COLLEGE STATION --
Biologists at Texas A&M University have made an important step toward understanding human mating behavior by showing that certain genes become activated in fruit flies when they interact with the opposite sex.
Their research, published in the January 2011 issue
of the journal GENETICS
, shows that courtship behaviors may be far more influenced by genetics than previously thought. In addition, this new understanding as to why and how these genes become activated within social contexts may also lead to insight into disorders such as autism.
"Be careful who you interact with," said Dr. Ginger E. Carney
, associate professor of biology and co-author of the study. "The choice may affect your physiology, behavior and health in unexpected ways."
To make this discovery, Carney and a student in her laboratory, Lisa L. Ellis, compared gene expression profiles in males that courted females, males that interacted with other males, and males that did not interact with other flies. The investigators identified a common set of genes that respond to the presence of either sex. They also discovered that there are other genes which are only affected by being placed with members of a particular sex, either male or female. The researchers then tested mutant flies that were missing some of these socially responsive genes and confirmed that these particular genes are important for behavior.
Carney and Ellis predict that analyzing additional similar genes will give further insight into genes and neural signaling pathways that influence reproductive and other behavioral interactions.
"This study shows that we're closing in on the complex genetic machinery that affects social interactions," said Mark Johnston, editor-in-chief of GENETICS
. "Once similar genes are identified in humans, the implications will be enormous, as it could bring new understanding of, and perhaps even treatments for, a vast range of disorders related to social behavior."
Carney, who joined the Texas A&M Department of Biology
faculty in 2004, earned her Ph.D. in genetics from the University of Georgia in 1998. She held positions as a postdoctoral researcher at Oregon State University (1998-2002) and as a faculty research scientist at Georgia Institute of Technology (2002-2004) prior to coming to Texas A&M, where her research focuses on the fruit fly Drosophila melanogaster
and its genetic control of behavior and nervous system development.
Ellis earned her doctorate in biology from Texas A&M in August and now works as a research assistant in the Texas A&M Department of Entomology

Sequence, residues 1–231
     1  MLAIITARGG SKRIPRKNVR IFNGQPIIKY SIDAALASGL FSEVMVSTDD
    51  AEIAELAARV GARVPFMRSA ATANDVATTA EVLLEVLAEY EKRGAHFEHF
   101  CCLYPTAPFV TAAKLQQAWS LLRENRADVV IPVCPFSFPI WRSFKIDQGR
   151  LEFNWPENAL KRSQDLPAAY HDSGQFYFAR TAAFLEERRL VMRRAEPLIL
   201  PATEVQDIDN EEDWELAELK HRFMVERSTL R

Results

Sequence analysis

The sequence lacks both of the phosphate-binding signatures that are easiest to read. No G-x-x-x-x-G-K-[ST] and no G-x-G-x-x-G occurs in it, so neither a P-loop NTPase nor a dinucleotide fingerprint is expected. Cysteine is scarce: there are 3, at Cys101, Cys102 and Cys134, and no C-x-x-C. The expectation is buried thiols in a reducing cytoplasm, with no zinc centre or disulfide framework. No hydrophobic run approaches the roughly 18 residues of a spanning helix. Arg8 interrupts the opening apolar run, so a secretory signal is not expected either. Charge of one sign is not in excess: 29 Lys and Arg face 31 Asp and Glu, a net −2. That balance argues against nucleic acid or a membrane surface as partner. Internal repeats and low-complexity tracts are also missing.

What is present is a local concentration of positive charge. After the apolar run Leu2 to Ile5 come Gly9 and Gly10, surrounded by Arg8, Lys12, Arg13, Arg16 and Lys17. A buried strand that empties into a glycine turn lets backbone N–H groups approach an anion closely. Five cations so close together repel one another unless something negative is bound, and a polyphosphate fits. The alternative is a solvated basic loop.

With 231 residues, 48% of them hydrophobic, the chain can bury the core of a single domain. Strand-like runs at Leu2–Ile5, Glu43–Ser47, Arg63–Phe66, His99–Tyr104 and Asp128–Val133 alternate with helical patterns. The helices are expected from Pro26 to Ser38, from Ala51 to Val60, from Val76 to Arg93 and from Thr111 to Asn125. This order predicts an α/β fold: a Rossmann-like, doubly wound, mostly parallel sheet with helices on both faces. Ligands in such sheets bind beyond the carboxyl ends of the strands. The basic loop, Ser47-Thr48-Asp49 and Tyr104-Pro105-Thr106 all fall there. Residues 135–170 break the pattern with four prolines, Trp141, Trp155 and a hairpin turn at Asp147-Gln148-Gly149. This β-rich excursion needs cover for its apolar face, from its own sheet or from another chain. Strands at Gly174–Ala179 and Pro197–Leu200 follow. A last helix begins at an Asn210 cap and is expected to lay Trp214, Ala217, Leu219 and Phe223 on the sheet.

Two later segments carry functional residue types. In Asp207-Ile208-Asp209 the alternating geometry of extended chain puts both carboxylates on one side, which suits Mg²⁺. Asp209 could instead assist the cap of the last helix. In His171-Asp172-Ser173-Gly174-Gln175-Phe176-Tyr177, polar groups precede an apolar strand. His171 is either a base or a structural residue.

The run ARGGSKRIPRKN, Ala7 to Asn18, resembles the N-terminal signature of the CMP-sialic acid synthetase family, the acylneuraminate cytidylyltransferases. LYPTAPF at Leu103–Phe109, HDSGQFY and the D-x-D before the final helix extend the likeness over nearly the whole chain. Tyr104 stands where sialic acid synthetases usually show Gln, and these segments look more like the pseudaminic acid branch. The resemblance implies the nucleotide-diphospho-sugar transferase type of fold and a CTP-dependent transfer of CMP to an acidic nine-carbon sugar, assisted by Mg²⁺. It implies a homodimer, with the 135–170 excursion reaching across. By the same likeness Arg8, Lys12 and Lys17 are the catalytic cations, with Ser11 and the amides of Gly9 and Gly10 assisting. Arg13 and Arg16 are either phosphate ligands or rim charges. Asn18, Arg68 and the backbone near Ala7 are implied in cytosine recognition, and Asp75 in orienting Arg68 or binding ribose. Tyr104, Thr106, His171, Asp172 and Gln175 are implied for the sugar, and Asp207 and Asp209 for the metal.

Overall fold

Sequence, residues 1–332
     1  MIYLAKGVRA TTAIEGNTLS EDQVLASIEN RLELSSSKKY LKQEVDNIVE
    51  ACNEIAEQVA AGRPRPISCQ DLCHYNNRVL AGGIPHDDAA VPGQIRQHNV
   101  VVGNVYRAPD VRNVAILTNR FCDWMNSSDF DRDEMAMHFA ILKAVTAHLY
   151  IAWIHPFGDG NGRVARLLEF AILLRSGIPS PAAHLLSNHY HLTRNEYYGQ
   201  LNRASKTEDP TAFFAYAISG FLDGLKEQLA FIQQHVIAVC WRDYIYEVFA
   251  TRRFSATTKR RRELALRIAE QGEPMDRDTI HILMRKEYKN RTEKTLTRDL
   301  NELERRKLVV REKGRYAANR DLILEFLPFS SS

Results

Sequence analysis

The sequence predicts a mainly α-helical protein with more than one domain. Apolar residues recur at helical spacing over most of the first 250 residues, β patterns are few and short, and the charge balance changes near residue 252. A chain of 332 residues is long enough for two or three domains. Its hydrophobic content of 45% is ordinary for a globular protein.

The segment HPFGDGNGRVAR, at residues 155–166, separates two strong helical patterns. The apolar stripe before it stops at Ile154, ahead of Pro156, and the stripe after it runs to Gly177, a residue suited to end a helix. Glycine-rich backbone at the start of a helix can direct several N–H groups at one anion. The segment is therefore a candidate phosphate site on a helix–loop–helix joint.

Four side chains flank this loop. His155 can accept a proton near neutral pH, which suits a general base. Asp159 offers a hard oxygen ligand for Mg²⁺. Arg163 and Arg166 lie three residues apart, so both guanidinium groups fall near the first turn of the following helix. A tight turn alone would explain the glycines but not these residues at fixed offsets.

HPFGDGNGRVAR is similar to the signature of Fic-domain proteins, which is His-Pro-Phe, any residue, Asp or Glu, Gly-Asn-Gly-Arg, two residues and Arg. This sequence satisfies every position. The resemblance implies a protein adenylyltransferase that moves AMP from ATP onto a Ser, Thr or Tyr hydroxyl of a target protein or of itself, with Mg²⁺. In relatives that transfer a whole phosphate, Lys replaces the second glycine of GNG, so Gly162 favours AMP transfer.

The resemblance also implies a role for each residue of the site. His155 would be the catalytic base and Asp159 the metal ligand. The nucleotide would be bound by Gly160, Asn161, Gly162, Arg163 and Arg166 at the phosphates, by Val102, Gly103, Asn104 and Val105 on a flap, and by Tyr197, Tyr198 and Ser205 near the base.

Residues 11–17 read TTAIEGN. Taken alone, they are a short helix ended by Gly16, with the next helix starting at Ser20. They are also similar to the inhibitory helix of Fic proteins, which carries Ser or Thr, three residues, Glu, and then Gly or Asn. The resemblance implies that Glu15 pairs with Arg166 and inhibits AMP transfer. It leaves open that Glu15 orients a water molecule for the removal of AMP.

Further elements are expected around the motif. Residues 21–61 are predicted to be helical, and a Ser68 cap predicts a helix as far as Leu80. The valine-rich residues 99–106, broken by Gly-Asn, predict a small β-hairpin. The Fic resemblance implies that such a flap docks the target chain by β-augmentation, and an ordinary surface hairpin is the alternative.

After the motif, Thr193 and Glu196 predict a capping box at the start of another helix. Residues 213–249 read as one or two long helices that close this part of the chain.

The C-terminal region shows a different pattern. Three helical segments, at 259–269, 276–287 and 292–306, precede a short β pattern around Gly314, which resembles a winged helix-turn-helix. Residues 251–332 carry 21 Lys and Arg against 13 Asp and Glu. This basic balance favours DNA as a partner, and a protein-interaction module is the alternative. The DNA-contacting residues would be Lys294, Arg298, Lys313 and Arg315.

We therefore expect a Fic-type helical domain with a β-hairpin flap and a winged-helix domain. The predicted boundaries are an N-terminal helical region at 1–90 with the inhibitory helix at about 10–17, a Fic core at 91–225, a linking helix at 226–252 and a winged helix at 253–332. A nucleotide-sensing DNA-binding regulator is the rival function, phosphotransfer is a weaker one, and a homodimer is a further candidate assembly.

affiliated with Texas AgriLife Research
Because fruit flies undergo many of the same developmental processes as larger creatures, including humans, Carney said they serve as model organisms, allowing researchers to observe details that can't necessarily be seen in more complex animals. Through this study and her future research, she hopes to learn more about how individual genes regulate behaviors from mating to central nervous system function in humans.
To learn more about Carney and her research, click here
For more information on GENETICS
, go to http://www.genetics.org
About Research at Texas A&M University:
As one of the world's leading research institutions, Texas A&M is in the vanguard in making significant contributions to the storehouse of knowledge, including that of science and technology. Research conducted at Texas A&M represents an annual investment of more than $630 million, which ranks third nationally for universities without a medical school, and underwrites approximately 3,500 sponsored projects. That research creates new knowledge that provides basic, fundamental and applied contributions resulting in many cases in economic benefits to the state, nation and world.
Since 1916, GENETICS
has covered high quality, original research on a range of topics bearing on inheritance, including population and evolutionary genetics, complex traits, developmental and behavioral genetics, cellular genetics, gene expression, genome integrity and transmission, and genome and systems biology. GENETICS
, the peer-reviewed, peer-edited journal of the Genetics Society of America is one of the world's most cited journals in genetics and heredity.
News release includes significant contributions from
Contact: Shana K. Hutchins, (979) 862-1237 or email@example.com or Dr. Ginger E. Carney, (979) 845-6587 or firstname.lastname@example.org